Social Media Ethics: Why You Should Have a Policy

streamcreative
Steve James Partner, Stream Creative

Posted on April 1st 2012

Social Media Ethics: Why You Should Have a Policy

As we all know too well, most interactions and communication is done online using a wide variety of social networks. What may not be taken into consideration is the role ethics plays with online sharing and communication, or that there needs to be a place for ethics in social media.

There has been a transformation in communication because of social media.  Here are some changes that have taken place:

  • People have now become both the producer and consumer of information.
  • News can be shared instantly online before it even reaches the television.
  • The judgment of communication is both positively and negatively affected.
    • It is up to the reader to decide whether or not the information is true and credible. The reader must look at the context, channel, and author of the information.
  • Because more people communicate online, the value of face-to-face communication is lost. This has multiple affects on the way a message is received and interpreted.
  • People have the ability to filter out and choose the types of messages they want to receive and those they want nothing to do with.

Why do ethical principles need to be applied to social media?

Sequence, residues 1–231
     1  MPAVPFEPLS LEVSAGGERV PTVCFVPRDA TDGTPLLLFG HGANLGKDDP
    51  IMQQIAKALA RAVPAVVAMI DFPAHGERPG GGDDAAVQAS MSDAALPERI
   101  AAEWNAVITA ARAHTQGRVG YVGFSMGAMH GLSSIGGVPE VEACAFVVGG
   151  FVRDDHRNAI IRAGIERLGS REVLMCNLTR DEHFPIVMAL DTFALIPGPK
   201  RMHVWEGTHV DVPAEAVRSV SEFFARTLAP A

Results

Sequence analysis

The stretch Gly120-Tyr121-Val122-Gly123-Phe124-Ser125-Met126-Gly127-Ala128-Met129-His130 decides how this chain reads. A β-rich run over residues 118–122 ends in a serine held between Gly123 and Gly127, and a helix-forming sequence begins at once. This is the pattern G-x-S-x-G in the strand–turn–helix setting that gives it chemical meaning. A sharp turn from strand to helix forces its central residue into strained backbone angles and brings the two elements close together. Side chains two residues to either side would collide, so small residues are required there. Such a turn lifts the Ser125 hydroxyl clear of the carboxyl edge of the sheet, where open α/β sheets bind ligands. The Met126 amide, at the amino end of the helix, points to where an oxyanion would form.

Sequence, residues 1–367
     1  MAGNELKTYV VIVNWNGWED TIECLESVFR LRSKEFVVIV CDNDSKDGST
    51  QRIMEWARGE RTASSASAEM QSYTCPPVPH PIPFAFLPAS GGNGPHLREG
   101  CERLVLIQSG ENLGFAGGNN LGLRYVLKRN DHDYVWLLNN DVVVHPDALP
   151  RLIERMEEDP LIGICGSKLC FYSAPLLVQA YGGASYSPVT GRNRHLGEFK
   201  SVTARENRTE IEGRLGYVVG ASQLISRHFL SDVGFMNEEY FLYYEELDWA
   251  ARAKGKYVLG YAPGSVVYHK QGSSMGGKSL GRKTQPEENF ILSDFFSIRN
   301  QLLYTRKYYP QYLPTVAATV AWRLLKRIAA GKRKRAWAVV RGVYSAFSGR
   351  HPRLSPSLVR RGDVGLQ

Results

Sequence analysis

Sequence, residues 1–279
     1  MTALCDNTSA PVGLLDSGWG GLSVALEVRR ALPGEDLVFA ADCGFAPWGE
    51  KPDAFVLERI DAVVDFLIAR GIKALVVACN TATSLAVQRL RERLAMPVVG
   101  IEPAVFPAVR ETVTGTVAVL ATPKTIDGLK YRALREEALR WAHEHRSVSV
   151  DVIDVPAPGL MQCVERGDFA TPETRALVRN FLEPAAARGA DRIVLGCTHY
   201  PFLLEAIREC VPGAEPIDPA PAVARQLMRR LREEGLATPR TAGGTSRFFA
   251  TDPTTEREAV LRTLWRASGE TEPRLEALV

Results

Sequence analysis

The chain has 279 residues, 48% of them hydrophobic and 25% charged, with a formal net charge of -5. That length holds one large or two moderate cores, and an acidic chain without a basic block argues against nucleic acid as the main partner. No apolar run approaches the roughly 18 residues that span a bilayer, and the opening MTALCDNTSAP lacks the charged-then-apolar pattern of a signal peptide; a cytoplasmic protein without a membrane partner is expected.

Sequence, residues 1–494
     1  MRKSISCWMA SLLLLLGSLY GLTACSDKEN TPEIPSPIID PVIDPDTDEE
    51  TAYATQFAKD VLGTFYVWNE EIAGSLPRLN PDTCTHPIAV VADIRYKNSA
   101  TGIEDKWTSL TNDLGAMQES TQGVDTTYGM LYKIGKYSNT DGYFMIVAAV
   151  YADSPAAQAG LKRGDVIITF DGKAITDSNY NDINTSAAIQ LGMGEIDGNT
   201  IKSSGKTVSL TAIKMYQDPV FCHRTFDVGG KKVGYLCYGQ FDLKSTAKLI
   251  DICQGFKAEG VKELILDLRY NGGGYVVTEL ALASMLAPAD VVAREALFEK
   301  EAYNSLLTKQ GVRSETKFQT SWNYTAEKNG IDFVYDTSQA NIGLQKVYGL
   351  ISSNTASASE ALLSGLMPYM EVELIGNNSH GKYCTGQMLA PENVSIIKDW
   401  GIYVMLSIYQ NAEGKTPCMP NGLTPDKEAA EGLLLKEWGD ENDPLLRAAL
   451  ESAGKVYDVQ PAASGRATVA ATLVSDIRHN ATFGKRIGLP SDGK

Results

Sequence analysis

Social media allows anyone to share basically anything online.  Within a business, it is their responsibility to build a positive identity for their brand. If policies are not put into place, employees could be free to share anything to anyone. The business needs to find the audience with whom they want to share information. Here are some guidelines a business should follow when communicating online:

  • Share information that will give your brand a positive image.
    • People want credible information, so give them that. This will build trust for your business, which can help increase leads and customers.
  • When sharing, be aware of others’ perspectives and opinions. Be open to what others have to say.
    • When you respond, be fair in what you say to create a social wellbeing for your business and customer relationships.
  • Be aware of who can see your information, what is being shared, and what is being said and shared about your business.
    • If something negative is being shared, analyze it for credibility. If it is credible, respond to it in a positive fashion to show that you care about what is said concerning your business, and that some type of action is being taken to improve.
  • Overall, a business should create a positive, credible online presence for both their own benefit and for the benefit of their customers. Think about the business brand and identity that you want to share and build upon.

What should be included in a social media policy?

The action of an employee’s online presence reflects on the business. When creating a policy, the behavior expectation of the employees needs to be addressed. What is expected of a business online, and even offline, should be mentioned to create an identity. Here are some other elements to include in a social media policy:

  • The purpose for social media in the business
  • Provide evidence of responsibility with sharing
  • Provide some business information for credibility and authenticity
  • Understand the audience with whom you are communicating
  • Provide credit to the right people or businesses
  • Protect confidentiality of the business